Eventually, the corrals filled up, people were able to relieve themselves in the light and the race began. I was in the second corral and had only a short wait after the first gun before I was running. Michelle said there was a lot of slow shuffling forward before she got to start.
My biggest complaint overall about this race is probably the course itself, or the majority of it, at least. I really liked the end in Prospect Park, but the rest was rather stagnant. The first 3 miles were a short out and back spur on the Eastern Parkway before you passed the start line again, skirted Prospect Park and then spent miles 5-10 running out and back on Ocean Parkway. Those were some lonely, boring miles as most spectators stayed closer to the park and the finish line. Even the bands and entertainment (biggest highlight was the arial pogo stickers at the mile 8 turnaround) seemed to struggle to generate much enthusiasm for the parkway setting.
The first out and back spur was downhill on the way out, essentially mile 1, then back up the same hill for mile 2, before going downhill again for miles 3 and 4 as you ran along outside of the Botanical Gardens and through the Park Parade Grounds. This section was where the grounds were biggest. I tried hard not to get too caught up in the downhill or the crowds. It had been two years since I ran a half marathon and despite the med switch and the improving training, the race plan was still to have fun and not blow up spectacularly at mile 10.
Mile 1 / 7:36 – big downhill, maybe too conservative here, but it was mile 1
Mile 2 / 7:42 – climbing back up
Mile 3 / 7:16 – better effort on an equivalent downhill to mile 1
Mile 4 / 7:48 – another downhill, trying to settle in
Mile 5 / 7:29 – this is the first mile on Ocean Parkway and it begins to flatten out
As I mentioned above, miles 5 through 10 are an out and back section on a Brooklyn parkway. The good news is the roads are wide, closed to traffic and mostly flat. The bad news is the crowds thin out, the scenery is basically row homes, the stuck cars are not shy about using their horns and the neighbors keep trying to cross the street.
Needless to say it was not my favorite part of the course. It does however allow you to go on autopilot and click off the miles. The tight range of my splits reflect that mid-run zoned out approach. I also remember coming to the end of the parkway, climbing back up the exit ramp toward the park entrance and thinking I still felt pretty good. That put a smile on my face. Another small bonus, the out and back did allow me to see Michelle run by on the opposite side, so I knew she was still trucking.
Mile 6 / 7:34
Mile 7 / 7:33
Mile 8 / 7:34
Mile 9 / 7:39
Mile 10 / 7:28
The last section of the race is inside Prospect Park. The crowds pick back up and the scenery improves dramatically, as you can imagine, but it comes at a price. Miles 11 and 12 are a steady climb upward. On paper it’s only a net elevation of just under 100 feet, but at the point in the race it feels at least double that gain on your legs. And it finishes with a little stinger, a quarter mile to the top with an average gradient of about 4%. Yikes.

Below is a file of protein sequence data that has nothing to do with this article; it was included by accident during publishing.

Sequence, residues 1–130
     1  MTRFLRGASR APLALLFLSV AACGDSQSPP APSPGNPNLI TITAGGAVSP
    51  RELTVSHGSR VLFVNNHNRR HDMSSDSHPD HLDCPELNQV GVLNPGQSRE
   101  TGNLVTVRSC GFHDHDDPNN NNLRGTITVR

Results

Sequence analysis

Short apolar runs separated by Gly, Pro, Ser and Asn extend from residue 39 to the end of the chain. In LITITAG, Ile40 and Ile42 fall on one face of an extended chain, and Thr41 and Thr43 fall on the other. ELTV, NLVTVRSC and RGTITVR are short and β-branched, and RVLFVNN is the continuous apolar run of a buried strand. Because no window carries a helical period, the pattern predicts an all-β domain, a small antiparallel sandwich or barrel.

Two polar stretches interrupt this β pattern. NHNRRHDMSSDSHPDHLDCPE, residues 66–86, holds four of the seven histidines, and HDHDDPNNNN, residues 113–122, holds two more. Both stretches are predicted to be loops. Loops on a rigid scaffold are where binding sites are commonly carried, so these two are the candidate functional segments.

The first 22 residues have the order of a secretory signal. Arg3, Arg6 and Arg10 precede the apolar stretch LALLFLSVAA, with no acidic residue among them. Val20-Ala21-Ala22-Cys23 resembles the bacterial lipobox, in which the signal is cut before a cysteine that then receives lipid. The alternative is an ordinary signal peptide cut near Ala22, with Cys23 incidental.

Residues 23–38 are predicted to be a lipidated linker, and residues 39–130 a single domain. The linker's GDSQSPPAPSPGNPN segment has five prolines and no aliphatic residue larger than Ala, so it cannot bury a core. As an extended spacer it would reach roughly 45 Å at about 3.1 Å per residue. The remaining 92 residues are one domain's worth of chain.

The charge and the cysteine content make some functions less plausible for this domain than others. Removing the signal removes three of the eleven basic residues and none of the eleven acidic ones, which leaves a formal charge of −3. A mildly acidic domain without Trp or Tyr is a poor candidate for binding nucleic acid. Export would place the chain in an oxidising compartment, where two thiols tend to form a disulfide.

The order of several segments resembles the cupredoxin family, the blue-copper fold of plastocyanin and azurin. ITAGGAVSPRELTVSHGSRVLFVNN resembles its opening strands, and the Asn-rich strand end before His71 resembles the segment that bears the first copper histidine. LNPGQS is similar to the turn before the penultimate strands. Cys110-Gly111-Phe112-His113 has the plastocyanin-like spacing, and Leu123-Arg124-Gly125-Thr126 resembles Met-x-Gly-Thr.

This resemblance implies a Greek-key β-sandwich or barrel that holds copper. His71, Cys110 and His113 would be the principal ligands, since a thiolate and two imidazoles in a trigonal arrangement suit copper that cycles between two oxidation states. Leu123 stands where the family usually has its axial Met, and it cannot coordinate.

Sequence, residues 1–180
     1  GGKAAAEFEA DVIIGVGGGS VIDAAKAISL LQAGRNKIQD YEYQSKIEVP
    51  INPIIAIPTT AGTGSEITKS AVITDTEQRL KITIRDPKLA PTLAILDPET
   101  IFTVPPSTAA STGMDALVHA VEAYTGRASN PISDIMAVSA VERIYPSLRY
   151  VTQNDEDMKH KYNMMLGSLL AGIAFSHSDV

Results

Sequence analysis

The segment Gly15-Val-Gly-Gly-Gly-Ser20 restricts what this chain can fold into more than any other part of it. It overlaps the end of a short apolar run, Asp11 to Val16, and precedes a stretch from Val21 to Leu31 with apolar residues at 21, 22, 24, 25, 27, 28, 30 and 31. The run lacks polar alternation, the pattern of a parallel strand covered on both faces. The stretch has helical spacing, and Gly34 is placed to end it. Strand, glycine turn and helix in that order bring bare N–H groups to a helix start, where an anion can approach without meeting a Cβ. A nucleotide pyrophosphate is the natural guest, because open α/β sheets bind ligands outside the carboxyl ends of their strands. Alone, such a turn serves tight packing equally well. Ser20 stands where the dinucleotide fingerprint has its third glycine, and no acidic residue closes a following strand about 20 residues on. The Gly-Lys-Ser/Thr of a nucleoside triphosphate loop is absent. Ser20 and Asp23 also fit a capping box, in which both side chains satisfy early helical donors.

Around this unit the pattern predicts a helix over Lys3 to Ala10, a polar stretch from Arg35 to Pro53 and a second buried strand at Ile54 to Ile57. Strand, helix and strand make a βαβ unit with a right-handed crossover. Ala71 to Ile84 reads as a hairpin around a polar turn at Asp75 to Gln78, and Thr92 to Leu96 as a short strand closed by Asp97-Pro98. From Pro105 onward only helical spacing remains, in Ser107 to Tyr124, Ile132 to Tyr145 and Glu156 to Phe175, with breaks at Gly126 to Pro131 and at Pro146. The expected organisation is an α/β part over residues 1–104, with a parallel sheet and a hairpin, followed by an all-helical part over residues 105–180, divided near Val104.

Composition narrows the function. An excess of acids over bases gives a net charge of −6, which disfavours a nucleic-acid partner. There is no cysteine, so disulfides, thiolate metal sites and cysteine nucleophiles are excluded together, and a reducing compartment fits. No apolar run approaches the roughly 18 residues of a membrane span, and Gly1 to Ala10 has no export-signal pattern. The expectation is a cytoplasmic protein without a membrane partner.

Remember me complaining about all the hills that surround my house and having to constantly finish each run going up hill. It paid off here. I passed way more people than passed me. I only recall one man really pulling away from me. I was able to pick up the pace marginally and hold on to the finish. Thankfully, they managed to find a slight downhill to carry me, and everyone else, right to the tape.
Mile 11 / 7:28 (7:17 GAP pace)
Mile 12 / 7:23 (7:00 GAP pace)
Mile 13 / 7:06
Mile 13.1 / 5:46 – a kick to the line
Final time: 1:38:36 for a 7:29/mile pace. Five minutes off my dusty HM PR, but given where I was this summer, I was ecstatic with the time. Maybe too happy. I felt so good after that it means I probably left a couple minutes on the course, but still, I sort of secretly was aiming at 1:40 since getting that second lung back with the new meds and I’d rather finish strong than crawl to the finish.
With over 15,000 runners they move the finishers through the chute pretty quickly, but there was a decent variety of hydration, (water, gatorade, chocolate milk is what I remember off hand), fruit (oranges and bananas), salty things and other random snacks.
The finishing chute dumps you out into a large open area of Prospect Park. You can collect your checked bag from the trucks, meet up with family or friends, just lay down and recover a bit, or attend the post-race concert and beer garden, even if it was still before 10. While the area near the finish line narrowed to choke point for spectators, this area behind the finish line was a good space to accommodate everyone.
The rest of our group trickled over the line and eventually we all met up, walked out of the park and back to the subway. The remainder of the weekend was a blur of brunch, mimosas, piano bars and late night ice cream. The perfect way to end a half marathon weekend getaway in NYC. Other than the white clam pie at Frank Pepe’s in New Haven, of course.